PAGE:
Reducing distress and medication use in patients with dementia
This challenge encouraged new ways of thinking about potential interventions, including how medications are helping or hindering those diagnosed with dementia. One novel approach has focused on improving LTC residents' lives through behavioral interventions. The goal is to address residents' needs for relief from distressing symptoms through milieu opportunities instead of administering medications.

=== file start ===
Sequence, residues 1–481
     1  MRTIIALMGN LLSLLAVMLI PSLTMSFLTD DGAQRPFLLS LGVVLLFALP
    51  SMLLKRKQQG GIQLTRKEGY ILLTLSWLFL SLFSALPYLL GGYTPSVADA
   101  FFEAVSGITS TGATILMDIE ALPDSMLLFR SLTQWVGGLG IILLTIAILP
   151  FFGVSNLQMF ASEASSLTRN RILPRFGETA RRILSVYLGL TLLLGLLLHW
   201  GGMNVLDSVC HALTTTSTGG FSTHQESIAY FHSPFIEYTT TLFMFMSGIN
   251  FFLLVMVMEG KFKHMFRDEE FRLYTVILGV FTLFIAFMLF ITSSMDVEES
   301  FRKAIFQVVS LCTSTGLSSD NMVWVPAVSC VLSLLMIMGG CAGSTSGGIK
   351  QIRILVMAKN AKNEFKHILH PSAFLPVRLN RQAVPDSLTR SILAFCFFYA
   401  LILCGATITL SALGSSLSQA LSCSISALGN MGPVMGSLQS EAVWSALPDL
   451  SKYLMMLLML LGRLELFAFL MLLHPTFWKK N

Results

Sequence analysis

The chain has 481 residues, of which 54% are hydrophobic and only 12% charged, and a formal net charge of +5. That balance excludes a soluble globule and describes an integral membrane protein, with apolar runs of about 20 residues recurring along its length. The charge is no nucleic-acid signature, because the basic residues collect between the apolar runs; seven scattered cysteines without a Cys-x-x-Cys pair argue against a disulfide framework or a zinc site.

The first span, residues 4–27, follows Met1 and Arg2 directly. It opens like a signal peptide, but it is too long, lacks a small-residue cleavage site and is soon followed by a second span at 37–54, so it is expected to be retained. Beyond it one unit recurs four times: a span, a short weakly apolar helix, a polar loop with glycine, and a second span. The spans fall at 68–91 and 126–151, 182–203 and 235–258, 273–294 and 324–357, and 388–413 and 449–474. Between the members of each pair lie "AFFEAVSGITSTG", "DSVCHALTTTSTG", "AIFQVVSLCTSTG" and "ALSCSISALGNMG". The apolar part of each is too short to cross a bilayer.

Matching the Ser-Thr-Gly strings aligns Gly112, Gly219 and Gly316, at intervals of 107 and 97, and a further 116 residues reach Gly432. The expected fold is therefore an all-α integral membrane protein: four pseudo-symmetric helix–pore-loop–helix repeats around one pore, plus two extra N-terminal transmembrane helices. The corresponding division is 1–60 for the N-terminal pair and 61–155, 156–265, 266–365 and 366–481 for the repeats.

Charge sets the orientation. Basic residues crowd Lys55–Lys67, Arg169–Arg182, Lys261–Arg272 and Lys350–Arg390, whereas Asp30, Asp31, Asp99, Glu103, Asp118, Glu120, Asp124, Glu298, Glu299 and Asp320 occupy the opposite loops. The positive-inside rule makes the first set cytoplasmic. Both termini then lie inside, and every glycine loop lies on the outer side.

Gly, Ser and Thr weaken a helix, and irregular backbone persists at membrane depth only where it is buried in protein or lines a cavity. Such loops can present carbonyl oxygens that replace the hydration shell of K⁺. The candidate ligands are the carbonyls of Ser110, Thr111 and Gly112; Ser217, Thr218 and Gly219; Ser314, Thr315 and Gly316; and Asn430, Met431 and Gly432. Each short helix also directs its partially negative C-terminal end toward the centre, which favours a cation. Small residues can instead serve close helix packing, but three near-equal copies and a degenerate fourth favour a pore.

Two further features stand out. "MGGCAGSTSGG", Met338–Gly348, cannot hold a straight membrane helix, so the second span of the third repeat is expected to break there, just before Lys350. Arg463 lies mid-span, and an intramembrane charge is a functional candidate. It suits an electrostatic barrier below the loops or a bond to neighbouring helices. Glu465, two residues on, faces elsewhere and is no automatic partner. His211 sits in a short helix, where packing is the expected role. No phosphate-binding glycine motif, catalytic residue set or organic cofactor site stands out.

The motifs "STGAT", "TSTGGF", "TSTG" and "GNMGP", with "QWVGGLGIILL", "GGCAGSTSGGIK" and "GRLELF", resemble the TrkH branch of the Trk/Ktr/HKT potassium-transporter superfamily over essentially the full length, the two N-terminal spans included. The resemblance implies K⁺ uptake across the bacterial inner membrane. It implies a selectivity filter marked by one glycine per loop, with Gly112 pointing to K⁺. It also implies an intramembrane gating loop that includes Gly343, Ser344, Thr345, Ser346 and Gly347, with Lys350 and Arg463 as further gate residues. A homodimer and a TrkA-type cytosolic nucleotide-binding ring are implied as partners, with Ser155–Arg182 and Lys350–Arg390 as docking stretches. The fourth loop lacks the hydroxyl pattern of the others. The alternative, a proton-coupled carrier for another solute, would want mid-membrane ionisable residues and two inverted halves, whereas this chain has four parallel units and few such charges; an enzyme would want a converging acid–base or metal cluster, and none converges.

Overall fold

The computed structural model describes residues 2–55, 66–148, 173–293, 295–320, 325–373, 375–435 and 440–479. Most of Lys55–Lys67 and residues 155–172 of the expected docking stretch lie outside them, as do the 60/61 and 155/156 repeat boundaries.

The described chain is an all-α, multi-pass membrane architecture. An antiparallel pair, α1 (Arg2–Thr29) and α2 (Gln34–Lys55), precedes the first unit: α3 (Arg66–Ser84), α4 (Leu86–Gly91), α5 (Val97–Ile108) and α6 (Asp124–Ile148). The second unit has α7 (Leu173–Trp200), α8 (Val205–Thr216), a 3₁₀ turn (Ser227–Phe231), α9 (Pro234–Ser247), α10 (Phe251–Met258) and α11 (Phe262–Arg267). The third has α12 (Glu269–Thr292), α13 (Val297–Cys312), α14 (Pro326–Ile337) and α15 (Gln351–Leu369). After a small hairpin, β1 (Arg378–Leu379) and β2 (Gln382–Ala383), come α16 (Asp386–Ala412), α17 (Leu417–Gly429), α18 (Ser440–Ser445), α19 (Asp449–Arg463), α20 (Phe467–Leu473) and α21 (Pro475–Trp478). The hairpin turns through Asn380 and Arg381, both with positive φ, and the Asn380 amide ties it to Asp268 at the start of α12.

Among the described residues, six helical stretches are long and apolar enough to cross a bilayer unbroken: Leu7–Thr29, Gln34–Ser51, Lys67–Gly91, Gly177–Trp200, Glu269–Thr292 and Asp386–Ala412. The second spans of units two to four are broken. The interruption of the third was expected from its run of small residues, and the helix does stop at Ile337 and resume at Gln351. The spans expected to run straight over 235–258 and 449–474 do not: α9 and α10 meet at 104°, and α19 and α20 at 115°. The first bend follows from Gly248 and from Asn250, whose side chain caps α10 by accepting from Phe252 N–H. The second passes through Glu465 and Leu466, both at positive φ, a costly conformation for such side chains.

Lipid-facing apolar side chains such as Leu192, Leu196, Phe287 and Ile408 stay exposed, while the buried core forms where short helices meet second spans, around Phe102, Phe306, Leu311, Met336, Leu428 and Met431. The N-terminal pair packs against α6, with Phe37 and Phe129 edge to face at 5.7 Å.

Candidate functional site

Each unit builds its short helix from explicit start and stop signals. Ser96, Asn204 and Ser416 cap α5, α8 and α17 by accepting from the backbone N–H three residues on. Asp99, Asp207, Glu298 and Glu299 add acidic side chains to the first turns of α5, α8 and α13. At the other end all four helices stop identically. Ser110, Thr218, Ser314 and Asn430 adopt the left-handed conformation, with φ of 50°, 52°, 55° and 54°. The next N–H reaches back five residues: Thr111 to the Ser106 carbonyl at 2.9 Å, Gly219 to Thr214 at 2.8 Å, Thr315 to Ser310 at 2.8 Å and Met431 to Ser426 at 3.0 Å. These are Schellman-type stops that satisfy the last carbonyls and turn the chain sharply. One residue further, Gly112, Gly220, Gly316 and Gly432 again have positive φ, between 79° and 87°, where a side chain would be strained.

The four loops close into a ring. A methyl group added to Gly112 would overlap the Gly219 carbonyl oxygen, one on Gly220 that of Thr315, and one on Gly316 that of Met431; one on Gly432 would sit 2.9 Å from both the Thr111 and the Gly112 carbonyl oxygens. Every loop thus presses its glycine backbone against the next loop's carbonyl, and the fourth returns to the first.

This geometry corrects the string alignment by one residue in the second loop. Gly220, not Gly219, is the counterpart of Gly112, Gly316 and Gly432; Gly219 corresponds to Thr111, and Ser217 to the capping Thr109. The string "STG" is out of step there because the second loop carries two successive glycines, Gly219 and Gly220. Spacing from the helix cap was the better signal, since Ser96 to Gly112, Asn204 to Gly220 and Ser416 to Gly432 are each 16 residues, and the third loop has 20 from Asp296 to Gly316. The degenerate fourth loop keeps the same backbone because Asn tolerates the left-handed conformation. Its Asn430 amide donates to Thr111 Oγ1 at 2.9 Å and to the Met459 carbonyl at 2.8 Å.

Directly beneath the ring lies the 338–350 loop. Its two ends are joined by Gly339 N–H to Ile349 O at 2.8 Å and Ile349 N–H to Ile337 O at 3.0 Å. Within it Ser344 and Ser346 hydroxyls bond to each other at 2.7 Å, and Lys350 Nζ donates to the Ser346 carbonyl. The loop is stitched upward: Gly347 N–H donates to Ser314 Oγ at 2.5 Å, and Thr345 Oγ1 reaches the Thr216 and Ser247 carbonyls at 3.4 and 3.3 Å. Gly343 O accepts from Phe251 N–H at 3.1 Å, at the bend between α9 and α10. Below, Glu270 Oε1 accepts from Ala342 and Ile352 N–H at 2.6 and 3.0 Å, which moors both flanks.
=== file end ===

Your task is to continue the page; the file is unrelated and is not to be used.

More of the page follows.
This article shares the author's quality and safety-driven project to decrease symptoms of distress in patients with dementia by using valid nonpharmacologic interventions and decreasing medication use.6 The setting is a locked memory unit in an assisted living facility; the 20 residents need consistent monitoring and support for activities of daily living because of memory-related losses. Through education and training of the clinical RNs, LPNs, medication technicians, activity coordinators, and residential aides, collaborative efforts are in progress to improve the quality of life of residents with dementia.